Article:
Montanans deserve better than NorthWestern Energy’s failed leadership
An aerial view of a site near the Yellowstone River in Laurel where NorthWestern Energy is building a methane power plant. (Courtesy of Northern Plains Resource Council)
As the global energy landscape shifts – and the costs to power our homes, ranches, and businesses skyrocket – Montana faces serious challenges. Families and businesses feel the squeeze of rising energy prices as we tighten our belts and make tough budgeting decisions.
NorthWestern Energy recently convinced the Public Service Commission to approve a $92 million increase to our energy bills. The corporation hopes to increase that figure to $170 million during the coming months. Looking at its plan to build a massive new power plant using one of the most expensive energy sources on the market today, it’s clear NorthWestern refuses to show any leadership regarding our energy challenges. In the face of NorthWestern’s failures, it’s up to everyday Montanans and our community officials to take on this challenge.
Here’s the problem: NorthWestern continually refuses to adopt more modern, affordable and efficient energy sources. Instead, the company wants to double down on expensive methane gas despite the soaring costs and risky market volatility. Why? In part, it’s because Montana law has a disturbing policy allowing this investor-owned corporation to receive guaranteed profits for its operating expenses.
In a perversion of a normal market-based system that rewards efficiency and fiscal responsibility, NorthWestern is actually incentivized to build and operate more expensive, less efficient power plants. In NorthWestern’s bizarre world, more upkeep, more maintenance, and more repairs mean more profit. And that profit comes directly from the rapidly growing energy bills we pay each month.
Adding insult to energy, the expensive, maintenance-intensive plants that NorthWestern favors are also some of the most polluting and disruptive to our communities. Which brings me to the massive methane-fired plant NorthWestern is forcing onto my Laurel community.
Immediately next to the iconic Yellowstone River, NorthWestern is barreling forward with a methane-fired power plant that will require eighteen smokestacks – seven stories tall each – towering over an area traditionally used for agriculture and outdoor recreation. The plant will completely disrupt the peace and quiet of this riverfront community with extremely noisy equipment operating 24 hours a day and industrial lighting obscuring our night skies.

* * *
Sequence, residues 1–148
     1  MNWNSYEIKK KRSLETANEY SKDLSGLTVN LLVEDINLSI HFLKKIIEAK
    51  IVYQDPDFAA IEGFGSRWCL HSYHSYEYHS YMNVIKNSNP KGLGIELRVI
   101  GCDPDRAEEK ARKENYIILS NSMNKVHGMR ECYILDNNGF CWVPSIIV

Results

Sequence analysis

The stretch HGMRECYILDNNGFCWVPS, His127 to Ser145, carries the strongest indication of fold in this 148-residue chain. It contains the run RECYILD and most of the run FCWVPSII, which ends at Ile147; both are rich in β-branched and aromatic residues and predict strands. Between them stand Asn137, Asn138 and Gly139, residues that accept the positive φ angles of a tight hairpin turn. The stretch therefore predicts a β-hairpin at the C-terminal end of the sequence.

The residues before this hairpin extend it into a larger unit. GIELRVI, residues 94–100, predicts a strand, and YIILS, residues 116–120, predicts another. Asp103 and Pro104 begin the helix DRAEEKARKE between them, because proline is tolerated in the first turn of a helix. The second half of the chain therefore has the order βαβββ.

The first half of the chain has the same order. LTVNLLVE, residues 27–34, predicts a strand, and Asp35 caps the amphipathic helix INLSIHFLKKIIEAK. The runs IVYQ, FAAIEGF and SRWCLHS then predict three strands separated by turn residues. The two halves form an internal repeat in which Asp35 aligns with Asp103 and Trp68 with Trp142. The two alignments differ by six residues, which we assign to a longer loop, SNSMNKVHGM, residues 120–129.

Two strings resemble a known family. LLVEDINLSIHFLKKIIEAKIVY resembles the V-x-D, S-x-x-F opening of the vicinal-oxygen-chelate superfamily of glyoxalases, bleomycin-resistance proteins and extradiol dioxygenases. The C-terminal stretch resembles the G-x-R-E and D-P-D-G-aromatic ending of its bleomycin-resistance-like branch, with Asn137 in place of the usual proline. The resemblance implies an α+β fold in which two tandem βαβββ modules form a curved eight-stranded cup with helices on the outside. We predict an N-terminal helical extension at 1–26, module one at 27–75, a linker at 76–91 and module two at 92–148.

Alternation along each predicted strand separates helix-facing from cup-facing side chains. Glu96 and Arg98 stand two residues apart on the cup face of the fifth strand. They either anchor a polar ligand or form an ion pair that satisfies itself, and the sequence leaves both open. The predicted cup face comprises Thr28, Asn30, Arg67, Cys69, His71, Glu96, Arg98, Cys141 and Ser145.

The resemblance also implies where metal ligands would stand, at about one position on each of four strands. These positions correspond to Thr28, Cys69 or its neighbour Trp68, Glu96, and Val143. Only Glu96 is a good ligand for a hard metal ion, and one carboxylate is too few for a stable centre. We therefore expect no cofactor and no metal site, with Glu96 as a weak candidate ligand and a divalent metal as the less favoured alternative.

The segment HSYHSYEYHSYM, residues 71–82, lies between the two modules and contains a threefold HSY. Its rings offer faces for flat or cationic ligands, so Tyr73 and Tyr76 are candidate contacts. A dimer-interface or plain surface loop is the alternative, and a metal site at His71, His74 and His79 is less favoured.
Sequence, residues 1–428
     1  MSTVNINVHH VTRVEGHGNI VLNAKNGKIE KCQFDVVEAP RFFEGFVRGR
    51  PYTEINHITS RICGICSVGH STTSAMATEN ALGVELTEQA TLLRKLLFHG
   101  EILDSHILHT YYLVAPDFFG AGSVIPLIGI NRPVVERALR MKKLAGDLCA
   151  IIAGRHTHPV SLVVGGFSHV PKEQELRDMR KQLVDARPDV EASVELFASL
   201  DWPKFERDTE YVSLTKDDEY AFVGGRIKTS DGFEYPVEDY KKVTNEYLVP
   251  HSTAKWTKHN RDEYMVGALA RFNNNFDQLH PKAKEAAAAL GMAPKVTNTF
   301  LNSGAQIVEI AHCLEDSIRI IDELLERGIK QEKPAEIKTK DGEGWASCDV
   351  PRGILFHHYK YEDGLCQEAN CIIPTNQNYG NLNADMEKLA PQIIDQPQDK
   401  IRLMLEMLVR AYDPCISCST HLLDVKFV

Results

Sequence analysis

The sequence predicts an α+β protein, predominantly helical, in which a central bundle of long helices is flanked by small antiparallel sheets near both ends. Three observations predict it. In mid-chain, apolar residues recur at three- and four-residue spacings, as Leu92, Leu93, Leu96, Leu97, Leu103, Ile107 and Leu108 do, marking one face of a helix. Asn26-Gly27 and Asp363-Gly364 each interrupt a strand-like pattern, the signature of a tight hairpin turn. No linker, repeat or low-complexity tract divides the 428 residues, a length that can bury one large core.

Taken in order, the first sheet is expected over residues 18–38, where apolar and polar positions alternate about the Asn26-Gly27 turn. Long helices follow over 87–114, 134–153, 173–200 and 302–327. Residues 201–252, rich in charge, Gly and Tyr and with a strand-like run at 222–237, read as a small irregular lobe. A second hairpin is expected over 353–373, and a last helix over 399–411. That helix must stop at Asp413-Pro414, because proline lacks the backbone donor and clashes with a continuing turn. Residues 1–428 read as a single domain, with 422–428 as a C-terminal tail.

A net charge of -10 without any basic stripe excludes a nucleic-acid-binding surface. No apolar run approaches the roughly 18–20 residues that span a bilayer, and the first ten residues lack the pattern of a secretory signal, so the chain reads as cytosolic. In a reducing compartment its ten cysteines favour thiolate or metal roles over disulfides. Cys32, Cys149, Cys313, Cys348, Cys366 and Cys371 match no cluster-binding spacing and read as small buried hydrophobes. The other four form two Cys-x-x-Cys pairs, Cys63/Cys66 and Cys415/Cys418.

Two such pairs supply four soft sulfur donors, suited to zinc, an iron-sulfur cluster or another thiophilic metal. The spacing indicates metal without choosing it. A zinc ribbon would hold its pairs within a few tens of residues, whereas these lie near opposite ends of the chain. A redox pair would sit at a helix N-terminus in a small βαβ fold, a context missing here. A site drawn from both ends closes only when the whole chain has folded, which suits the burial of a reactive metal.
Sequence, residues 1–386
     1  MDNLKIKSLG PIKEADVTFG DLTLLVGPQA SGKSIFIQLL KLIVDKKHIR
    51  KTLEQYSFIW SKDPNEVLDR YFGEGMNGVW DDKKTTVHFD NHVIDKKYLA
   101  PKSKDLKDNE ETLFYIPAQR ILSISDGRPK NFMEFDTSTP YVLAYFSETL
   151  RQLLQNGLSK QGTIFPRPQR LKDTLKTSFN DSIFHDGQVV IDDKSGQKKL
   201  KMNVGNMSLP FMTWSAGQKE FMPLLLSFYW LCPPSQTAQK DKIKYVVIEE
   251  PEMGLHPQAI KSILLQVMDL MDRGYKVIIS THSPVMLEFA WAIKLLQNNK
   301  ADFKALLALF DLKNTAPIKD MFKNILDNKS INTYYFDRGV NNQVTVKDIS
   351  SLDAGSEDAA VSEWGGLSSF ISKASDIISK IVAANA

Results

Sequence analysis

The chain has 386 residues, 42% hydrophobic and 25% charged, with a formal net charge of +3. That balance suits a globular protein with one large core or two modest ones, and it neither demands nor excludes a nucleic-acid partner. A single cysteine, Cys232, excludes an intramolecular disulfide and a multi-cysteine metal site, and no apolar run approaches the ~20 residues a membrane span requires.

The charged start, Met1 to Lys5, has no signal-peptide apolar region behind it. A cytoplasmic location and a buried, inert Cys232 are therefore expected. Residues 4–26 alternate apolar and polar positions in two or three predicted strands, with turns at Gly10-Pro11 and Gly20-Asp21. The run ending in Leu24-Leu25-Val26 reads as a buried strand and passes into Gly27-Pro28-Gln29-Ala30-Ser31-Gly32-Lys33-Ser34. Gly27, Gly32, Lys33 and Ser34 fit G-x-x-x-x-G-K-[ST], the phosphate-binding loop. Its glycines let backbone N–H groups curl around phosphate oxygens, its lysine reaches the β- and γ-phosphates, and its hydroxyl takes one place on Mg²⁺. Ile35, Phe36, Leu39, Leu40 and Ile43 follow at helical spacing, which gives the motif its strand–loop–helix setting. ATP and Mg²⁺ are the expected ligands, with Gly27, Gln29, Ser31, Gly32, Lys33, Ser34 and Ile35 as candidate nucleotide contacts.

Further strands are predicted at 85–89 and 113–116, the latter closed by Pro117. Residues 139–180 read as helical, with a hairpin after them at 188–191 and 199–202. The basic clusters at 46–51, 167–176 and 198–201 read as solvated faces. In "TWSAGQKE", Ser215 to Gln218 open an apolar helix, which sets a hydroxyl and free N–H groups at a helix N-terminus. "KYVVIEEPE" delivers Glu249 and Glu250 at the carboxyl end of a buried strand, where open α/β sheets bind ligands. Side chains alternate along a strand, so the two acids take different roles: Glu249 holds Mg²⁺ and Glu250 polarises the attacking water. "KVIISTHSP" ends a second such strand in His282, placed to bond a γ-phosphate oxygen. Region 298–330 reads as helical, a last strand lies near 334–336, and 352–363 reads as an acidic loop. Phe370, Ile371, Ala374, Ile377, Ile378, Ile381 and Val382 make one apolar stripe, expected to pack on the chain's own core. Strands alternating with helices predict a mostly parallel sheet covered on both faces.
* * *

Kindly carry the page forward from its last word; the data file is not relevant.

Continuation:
We are already confronting air quality challenges in Laurel, and this methane-fired plant will be classified as a Major Source of Hazardous Air Pollutants, which means it will emit cancer-causing pollutants.
NorthWestern has repeatedly cut residents out of the process as it steamrolls forward, seeking creative ways to avoid public input. In an act of staggering arrogance, the corporation is ignoring zoning laws, building an industrial project on an area zoned exclusively for agricultural use.
NorthWestern has also ignored a legal question regarding whether the city or county has jurisdiction over the area’s zoning. Instead of waiting respectfully for clarification from the court regarding jurisdiction, NorthWestern just plows ahead with construction.
Thankfully, we have reason to be optimistic that city officials will show some leadership if the court rules they have zoning jurisdiction. When Laurel residents expressed opposition to this plant and our frustration over NorthWestern’s bullying methods, Mayor Waggoner responded in a public meeting, “I wouldn’t want to be put in that position… We’re caught in a conundrum here between the county, and us (the city), and them (NorthWestern). Whatever we can do, we will do.”
Locals are encouraged by that last sentiment in particular, especially knowing how much time and money the city spent developing a growth management policy that dramatically conflicts with a massive industrial facility disrupting this riverside property.
We expect the courts will properly determine that the city has the right to make zoning decisions in this area. From there, it will be up to Waggoner and the City Council – alongside Laurel residents and Montana energy customers across the state – to demand that NorthWestern stop polluting our communities and saddling us with overpriced energy.
Steve Krum is a Laurel resident, retired oil refinery employee, and member of Northern Plains Resource Council, a grassroots conservation and family agriculture group.
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